Bay Area transit officials lauded President Joe Biden’s signing this week of a $1.2 trillion infrastructure bill, calling it the most transformative infrastructure investment in a generation.

The Infrastructure Investment and Jobs Act, which Biden signed Monday at the White House, will allocate $47.2 billion to California to support repairs and improvements to roads, bridges, ports and electrical and water systems.

An additional $9.5 billion will go toward modernizing public transit in the state and $600 million will help prepare the state’s transportation systems for extreme weather like droughts and wildfires.

“The infrastructure bill is a once-in-a-generation investment in things that matter to our riders: reliability, frequency and accessibility.”

Bob Powers, BART general manager

Transit projects could also receive additional funding in the future, as the infrastructure package includes some $210 billion in discretionary grants that will be doled out over the next five years.

“The infrastructure bill is a once-in-a-generation investment in things that matter to our riders: reliability, frequency and accessibility,” BART General Manager Bob Powers said. “It also benefits Bay Area residents who don’t necessarily ride BART by creating the opportunity for jobs with good pay.”

An electrifying moment

Officials from Bay Area transit agencies said the funds will enable their agencies to meet a swath of goals like eliminating bus tailpipe emissions by 2040, increase the frequency of bus and train service and expand access to electric charging equipment at bus and train service yards.

Caltrain Acting Executive Director Michelle Bouchard expressed confidence in a statement that the funding will enable the transit agency to complete the electrification of its rail system by 2024 as planned.

Both BART and Caltrain stand to benefit from a multibillion dollar slice of the federal infrastructure bill, with money earmarked for electrification and other system modernization efforts. (Image courtesy of Caltrain/Facebook)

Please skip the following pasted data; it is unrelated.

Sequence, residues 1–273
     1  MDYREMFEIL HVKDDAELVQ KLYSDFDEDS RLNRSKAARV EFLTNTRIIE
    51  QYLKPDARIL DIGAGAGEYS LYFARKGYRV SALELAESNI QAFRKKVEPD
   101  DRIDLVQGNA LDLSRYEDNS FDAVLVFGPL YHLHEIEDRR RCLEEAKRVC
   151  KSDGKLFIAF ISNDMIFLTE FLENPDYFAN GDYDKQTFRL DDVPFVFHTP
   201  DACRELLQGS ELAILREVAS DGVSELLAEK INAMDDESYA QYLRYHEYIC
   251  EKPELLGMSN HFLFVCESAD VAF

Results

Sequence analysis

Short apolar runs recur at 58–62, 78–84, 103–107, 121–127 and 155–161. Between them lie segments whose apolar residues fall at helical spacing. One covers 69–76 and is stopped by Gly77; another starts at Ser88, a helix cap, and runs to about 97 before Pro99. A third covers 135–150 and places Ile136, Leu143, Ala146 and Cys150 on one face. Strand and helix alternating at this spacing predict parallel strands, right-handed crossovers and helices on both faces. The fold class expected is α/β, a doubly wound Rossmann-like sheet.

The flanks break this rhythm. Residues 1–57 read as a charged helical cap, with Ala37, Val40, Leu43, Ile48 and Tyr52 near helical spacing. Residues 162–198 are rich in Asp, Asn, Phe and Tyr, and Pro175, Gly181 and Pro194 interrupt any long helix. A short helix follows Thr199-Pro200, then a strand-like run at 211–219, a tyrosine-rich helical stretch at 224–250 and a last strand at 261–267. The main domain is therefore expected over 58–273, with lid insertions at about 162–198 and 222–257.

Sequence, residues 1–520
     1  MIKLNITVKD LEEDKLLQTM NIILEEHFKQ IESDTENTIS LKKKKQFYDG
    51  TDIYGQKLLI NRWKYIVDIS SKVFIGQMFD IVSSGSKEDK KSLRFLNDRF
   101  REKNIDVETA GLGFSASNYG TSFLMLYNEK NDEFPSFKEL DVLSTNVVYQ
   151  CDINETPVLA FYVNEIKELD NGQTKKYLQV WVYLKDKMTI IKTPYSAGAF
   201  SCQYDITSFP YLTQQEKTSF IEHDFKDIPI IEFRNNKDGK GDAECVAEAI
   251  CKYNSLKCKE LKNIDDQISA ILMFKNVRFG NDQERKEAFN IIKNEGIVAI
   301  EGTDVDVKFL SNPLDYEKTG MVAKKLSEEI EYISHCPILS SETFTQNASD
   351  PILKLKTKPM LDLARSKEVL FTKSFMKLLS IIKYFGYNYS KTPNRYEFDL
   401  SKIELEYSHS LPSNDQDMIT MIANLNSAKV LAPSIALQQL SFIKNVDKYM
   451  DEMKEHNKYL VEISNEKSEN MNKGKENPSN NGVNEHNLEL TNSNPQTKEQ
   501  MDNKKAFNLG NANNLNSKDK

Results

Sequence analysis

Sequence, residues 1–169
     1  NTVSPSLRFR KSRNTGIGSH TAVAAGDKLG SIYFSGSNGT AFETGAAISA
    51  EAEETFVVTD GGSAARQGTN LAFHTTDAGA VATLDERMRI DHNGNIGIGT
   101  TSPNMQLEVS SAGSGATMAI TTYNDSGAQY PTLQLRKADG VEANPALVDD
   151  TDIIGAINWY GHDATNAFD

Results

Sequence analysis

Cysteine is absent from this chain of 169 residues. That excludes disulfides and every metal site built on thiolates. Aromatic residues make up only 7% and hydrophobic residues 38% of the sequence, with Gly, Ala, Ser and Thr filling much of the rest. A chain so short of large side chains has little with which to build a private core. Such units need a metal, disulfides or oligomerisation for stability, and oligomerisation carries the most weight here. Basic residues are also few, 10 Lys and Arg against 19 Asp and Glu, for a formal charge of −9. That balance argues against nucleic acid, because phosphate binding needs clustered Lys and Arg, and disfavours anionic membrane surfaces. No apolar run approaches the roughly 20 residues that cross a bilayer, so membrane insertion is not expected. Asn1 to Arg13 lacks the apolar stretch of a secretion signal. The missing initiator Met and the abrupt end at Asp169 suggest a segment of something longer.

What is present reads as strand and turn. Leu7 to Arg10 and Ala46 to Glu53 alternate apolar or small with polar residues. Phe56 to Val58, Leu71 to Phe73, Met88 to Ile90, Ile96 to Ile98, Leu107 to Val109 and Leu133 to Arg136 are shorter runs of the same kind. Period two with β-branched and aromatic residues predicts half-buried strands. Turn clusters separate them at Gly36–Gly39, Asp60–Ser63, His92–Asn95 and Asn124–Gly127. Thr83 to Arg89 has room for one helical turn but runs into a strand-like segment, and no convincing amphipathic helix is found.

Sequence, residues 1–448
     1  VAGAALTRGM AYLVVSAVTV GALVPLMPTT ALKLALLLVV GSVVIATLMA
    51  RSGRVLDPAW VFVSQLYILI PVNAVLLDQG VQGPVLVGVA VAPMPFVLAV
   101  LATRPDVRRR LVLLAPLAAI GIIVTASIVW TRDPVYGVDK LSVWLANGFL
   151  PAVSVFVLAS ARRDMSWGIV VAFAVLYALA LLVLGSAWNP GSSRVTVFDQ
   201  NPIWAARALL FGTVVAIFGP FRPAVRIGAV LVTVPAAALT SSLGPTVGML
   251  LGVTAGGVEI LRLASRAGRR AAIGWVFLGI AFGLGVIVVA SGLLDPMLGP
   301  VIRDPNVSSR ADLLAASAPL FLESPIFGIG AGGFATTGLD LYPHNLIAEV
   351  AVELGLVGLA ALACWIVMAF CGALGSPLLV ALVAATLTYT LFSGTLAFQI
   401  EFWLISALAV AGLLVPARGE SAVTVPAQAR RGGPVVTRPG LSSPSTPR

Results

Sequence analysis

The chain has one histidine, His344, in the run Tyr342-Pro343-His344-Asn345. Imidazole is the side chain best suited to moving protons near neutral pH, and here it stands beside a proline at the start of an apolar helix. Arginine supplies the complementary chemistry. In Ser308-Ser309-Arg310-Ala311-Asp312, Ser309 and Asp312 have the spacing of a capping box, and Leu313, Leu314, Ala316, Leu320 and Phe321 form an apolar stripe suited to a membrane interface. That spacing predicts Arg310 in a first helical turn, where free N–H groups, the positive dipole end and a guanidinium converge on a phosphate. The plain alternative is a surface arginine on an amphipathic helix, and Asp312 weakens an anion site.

The agency announced earlier this year that it would already be required to delay its full electrification from 2022 to late 2024 due to the COVID-19 pandemic and other unforeseen complications under Caltrain’s tracks and with train signal installation.

The Federal Transit Administration has estimated that Caltrain’s electrification will require an additional $333 million, of which the transit agency has reserved roughly half. All told, the electrification will cost roughly $2.3 billion once fully completed.

“Electrification will transform Caltrain, replacing 75 percent of the aging diesel fleet with high-performance state of the art electric trains, but this funding will allow us to take the next step and finish the project by 2024,” Bouchard said. “Additional federal support will help get us to a fully zero emission service and will allow the agency to realize its 2040 Service Vision goal of running eight trains per hour in each direction, which would carry the equivalent of five-and-a-half lanes of freeway traffic.”

Signing bonus

Several Bay Area officials attended the signing ceremony, including San Jose Mayor Sam Liccardo, Oakland Mayor Libby Schaaf, Assemblywoman Buffy Wicks, D-Oakland, and executives from the East Bay Municipal Utility District.

A bipartisan group of legislators passed the funding package through the House and Senate last week.

In the next two weeks, Democrats in Congress are expected to consider a second spending bill focusing on social programs and priorities like paid leave, health care and child care access, mental health support and universal preschool.

“This infrastructure package, the two bills put together, is a significant investment in infrastructure and will improve lives and bring costs for families down,” Sen. Alex Padilla, D-California, said during a briefing in San Jose last week. “You’re going to see more subsidies and assistance when it comes to childcare, education, health care access.”

Capitol Corridor Joint Powers Authority Managing Director Rob Padgette said it is “hard to overstate” how important the physical infrastructure package will be to the U.S. passenger rail industry.

“Historically, we have relied almost entirely on funds from the State of California to invest in passenger rail improvements,” Padgette said. “With IIJA, we can now partner with the federal government to dramatically enhance our service.”